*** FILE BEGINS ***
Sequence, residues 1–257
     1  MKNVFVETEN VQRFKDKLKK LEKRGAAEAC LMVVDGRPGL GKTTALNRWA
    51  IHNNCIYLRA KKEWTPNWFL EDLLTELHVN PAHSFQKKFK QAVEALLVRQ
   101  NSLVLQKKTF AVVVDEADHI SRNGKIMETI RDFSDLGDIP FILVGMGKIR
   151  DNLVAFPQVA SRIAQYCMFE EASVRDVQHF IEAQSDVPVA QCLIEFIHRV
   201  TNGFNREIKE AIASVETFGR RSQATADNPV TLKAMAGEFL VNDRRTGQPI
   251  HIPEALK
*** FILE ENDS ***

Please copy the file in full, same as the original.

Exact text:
Sequence, residues 1–257
     1  MKNVFVETEN VQRFKDKLKK LEKRGAAEAC LMVVDGRPGL GKTTALNRWA
    51  IHNNCIYLRA KKEWTPNWFL EDLLTELHVN PAHSFQKKFK QAVEALLVRQ
   101  NSLVLQKKTF AVVVDEADHI SRNGKIMETI RDFSDLGDIP FILVGMGKIR
   151  DNLVAFPQVA SRIAQYCMFE EASVRDVQHF IEAQSDVPVA QCLIEFIHRV
   201  TNGFNREIKE AIASVETFGR RSQATADNPV TLKAMAGEFL VNDRRTGQPI
   251  HIPEALK